Since the beginning of this year, the Hong Kong District Court has been trying a lot of cases of unauthorized assembly, rioting, arson, etc. in connection with political demonstrations like the 2016 Fish Ball police-civilian conflict and the 2014 Umbrella Revolution. The sentences are frequently over three years’ imprisonment, and quite a few Hong Kong citizens think that it is political persecution. After the Umbrella Revolution, the conviction rate in the District Court (which does not have a jury system) has been much higher than that at the Court of First Instance (High Court) with jury trial. (The 2010 conviction rate after trial in the District Court is 75.3 percent; that in the Court of First Instance is 71.1 percent. The 2014 conviction rate after trial in the District Court is 89.1 percent; that in the Court of First Instance is 64.2 percent. The 2016 conviction rate after trial in the District Court is 72.8 percent; that in the Court of First Instance is 56.5 percent.)
The lack of juries in the District Court has been severely criticized. Clive Grossman SC, one of Hong Kong’s most senior barristers, has put down in the preface to the annually published criminal law reference book, Archbold’s Hong Kong 2010, which has enjoyed a lofty prestige in the profession: “Any person who is arrested on a serious or relatively serious charge is almost certain to be convicted, and since the convictions are in the district and high courts, imprisonment is almost always the norm…The high rate of convictions is founded on the comforting assumption that prosecution witnesses, including the police… always tell the truth!”
On 22 June 2015, Legislative Council Panel on Administration of Justice and Legal Services discussed whether the jury system should be extended to the District Court. Most law-makers supported it but the Department of Justice maintained that it would require an exceedingly huge lot of resources, and claimed that the Hong Kong Judiciary being wholly independent, judges were able to handle cases justly even without a jury.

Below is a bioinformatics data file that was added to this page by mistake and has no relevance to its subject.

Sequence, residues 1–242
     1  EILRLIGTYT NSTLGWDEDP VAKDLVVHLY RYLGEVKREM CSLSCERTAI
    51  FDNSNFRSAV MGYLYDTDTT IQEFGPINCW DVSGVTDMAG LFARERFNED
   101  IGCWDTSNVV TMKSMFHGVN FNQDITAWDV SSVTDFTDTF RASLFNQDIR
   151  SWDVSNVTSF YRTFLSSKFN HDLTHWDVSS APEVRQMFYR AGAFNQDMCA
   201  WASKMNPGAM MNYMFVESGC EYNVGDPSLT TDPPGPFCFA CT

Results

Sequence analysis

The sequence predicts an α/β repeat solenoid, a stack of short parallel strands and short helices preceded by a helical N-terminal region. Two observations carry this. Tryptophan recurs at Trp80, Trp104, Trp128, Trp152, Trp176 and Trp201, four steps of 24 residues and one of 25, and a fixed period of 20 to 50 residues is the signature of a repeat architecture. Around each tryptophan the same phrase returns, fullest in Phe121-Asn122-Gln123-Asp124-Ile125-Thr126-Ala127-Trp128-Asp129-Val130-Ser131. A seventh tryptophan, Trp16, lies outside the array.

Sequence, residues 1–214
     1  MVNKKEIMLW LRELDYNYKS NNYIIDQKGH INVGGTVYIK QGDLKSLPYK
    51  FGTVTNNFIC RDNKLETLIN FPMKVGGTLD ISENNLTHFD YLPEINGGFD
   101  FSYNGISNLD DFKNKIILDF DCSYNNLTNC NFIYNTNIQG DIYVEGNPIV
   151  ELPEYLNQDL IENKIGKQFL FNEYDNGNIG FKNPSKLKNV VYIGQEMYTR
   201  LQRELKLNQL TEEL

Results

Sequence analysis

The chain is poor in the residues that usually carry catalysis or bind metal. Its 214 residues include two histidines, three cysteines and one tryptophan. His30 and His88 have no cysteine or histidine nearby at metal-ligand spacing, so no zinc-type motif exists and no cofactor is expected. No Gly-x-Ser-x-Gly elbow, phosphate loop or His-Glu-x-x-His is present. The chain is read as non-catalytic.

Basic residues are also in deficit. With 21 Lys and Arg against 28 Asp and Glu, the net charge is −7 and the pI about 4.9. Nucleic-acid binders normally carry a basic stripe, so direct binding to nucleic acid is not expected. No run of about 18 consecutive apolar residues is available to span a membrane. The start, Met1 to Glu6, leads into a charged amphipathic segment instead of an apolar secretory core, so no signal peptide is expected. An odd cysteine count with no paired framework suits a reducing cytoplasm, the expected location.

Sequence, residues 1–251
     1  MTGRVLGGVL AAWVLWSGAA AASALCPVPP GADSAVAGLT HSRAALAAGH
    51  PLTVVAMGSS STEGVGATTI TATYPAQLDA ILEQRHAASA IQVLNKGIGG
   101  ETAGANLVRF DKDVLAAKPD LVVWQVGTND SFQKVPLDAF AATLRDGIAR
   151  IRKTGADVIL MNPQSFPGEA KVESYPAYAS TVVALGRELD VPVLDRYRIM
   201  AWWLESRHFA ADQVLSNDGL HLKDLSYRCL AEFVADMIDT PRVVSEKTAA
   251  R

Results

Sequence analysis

The jury system can prevent to a good extent the possibility of professional judges being subject to political or superior influence. The high voting threshold lowers the probability of wrong verdict. “Juries bring with them the freshness and insights of those who are new to the system and have not become case-hardened or cynical” (Paul Mendelle, 2010).
The judiciary of most civilized countries has either a jury system or a lay judge system (Note1). Article III of the United States constitution provides that the trial of all crimes, except in cases of impeachment, shall be by jury. The number of jurors in a jury in countries like the United Kingdom, the United States, and Canada is usually 12 (though in some cases it could be 6), while that in Hong Kong is only 7. In the United States, the jury must be unanimous in its verdict, whilst in Hong Kong only a majority verdict of one to six or two to five is required. This article advocates that defendants in the District Court be entitled to choose whether the offence he or she faces is to be tried by judge and jury or by judge alone, so that political dissidents can be protected to a certain extent from political persecution.
Note1. For example, Finland does not have a jury system. But the district court cases are tried by a panel consisting of a judge, another legally trained person, plus three lay judges elected by the municipal council. The lay judges’ position is their civic duty rather than their profession, so their function is similar to that of a juror. The lay-judge systems in Japan and Germany are similar.
The Chinese version of this article is available at ＜曾焯文：區院應設陪審團保人權＞